Virginia Man Indicted On Wire Fraud Charges
For Immediate Release
U.S. Attorney's Office, Middle District of Pennsylvania
HARRISBURG - The United States Attorney’s Office for the Middle District of Pennsylvania announced that on October 7, 2020, Rishi Budhadev, age 25, of Fredericksburg, Virginia, was indicted by a federal grand jury on wire fraud and conspiracy to commit wire fraud charges. The case was unsealed following Budhadev’s arrest on December 1, 2020.
According to United States Attorney David J. Freed, the indictment alleges that between October 2015 and December 2015, Budhadev, working with other unnamed co-conspirators, defrauded victims using common advance-fee mass marketing scams. Budhadev’s victims included a 72-year-old widow from the Middle District of Pennsylvania. The indictment also alleges that this victim sent a MoneyGram money transfer to Budhadev after an individual impersonating a U.S. Government agent told her that she needed to pay money to redeem benefits to which she was entitled because of her late husband’s military service.
The indictment also alleges that Budhadev received approximately 500 MoneyGram money orders worth over $500,000, including about 300 MoneyGram money orders worth over $407,000 from more than 250 senders that he picked up from seven different Walmart stores. On November 13, 2015, Budhadev picked up 13 MoneyGram money transfers totaling approximately $27,000 from five different Richmond, Virginia area Walmart stores. Similarly, on December 4, 2015, Budhadev picked up 38 MoneyGram money transfers totaling approximately $34,000 from five different Richmond, Virginia area Walmart stores.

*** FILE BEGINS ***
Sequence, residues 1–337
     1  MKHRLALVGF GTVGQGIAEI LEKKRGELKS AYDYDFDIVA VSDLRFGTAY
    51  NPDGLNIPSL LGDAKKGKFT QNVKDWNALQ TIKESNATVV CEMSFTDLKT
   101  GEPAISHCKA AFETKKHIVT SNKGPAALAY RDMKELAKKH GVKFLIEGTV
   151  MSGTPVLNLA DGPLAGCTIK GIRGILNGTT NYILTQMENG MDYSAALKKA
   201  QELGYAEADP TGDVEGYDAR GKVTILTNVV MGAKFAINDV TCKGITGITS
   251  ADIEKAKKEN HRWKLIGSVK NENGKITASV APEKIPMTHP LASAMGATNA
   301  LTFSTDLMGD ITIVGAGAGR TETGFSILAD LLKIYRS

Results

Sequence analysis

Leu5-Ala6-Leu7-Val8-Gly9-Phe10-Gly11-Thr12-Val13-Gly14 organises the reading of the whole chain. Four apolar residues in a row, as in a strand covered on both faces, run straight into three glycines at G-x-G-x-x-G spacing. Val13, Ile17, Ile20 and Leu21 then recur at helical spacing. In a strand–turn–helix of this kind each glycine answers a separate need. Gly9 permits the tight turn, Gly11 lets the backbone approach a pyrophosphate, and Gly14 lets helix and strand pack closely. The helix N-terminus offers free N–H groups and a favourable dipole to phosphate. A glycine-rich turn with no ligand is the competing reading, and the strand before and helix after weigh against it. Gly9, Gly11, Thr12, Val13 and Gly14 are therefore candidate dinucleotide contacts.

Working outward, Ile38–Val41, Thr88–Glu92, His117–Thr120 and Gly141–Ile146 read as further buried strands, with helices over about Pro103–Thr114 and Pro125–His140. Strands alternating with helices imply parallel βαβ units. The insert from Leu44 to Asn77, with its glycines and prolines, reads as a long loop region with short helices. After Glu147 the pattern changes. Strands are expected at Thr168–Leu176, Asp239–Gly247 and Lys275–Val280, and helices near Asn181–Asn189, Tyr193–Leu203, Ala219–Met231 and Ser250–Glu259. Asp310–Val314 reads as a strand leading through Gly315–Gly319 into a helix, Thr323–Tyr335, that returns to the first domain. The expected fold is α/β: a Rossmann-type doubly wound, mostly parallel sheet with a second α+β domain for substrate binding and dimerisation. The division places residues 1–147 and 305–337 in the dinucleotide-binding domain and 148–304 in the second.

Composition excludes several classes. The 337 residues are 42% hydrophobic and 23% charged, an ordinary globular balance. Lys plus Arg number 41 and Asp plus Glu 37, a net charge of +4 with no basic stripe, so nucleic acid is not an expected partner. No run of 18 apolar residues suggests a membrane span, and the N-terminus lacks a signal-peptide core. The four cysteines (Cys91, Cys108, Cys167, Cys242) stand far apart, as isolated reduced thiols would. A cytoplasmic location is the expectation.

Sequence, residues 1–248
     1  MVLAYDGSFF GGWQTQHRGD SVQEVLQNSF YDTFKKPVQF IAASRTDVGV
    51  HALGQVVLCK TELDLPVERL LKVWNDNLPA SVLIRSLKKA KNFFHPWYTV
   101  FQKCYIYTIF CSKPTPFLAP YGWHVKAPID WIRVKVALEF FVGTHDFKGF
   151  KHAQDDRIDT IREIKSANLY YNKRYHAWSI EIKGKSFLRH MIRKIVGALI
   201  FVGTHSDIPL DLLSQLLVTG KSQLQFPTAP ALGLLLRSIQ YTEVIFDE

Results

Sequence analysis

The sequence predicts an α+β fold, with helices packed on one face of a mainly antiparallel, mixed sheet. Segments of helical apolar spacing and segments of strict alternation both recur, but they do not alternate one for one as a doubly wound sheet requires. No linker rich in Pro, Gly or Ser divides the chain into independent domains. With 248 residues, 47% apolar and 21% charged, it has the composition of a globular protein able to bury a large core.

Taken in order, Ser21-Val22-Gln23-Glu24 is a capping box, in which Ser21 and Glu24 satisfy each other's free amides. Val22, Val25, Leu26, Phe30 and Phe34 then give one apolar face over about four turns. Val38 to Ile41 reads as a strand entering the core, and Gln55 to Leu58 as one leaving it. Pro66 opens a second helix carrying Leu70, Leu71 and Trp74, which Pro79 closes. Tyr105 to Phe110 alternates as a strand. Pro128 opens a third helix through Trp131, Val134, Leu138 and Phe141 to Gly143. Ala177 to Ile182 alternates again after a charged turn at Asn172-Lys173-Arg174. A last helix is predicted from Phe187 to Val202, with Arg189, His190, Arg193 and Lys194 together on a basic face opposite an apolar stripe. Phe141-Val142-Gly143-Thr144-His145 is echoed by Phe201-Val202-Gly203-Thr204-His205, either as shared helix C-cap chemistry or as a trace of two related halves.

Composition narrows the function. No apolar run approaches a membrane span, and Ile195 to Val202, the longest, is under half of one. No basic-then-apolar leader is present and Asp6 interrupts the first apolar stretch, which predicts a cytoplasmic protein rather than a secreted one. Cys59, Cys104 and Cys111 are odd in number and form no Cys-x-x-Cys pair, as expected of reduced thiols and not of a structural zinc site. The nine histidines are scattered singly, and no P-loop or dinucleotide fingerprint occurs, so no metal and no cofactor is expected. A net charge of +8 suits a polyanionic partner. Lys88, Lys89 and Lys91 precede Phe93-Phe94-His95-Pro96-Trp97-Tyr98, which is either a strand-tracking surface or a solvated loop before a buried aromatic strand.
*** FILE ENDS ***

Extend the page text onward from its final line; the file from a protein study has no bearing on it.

The case was investigated by the United States Postal Inspection Service. Assistant U.S. Attorney Ravi Romel Sharma is prosecuting the case.
Indictments are only allegations. All persons charged are presumed to be innocent unless and until found guilty in court.
A sentence following a finding of guilt is imposed by the Judge after consideration of the applicable federal sentencing statutes and the Federal Sentencing Guidelines.
The maximum penalty under federal law for wire fraud and conspiracy to commit wire fraud is 20 years’ imprisonment. These charges may also carry a fine and a term of supervised release following imprisonment. Under the Federal Sentencing Guidelines, the Judge is also required to consider and weigh a number of factors, including the nature, circumstances and seriousness of the offense; the history and characteristics of the defendant; and the need to punish the defendant, protect the public and provide for the defendant's educational, vocational and medical needs. For these reasons, the statutory maximum penalty for the offense is not an accurate indicator of the potential sentence for a specific defendant.
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Updated December 8, 2020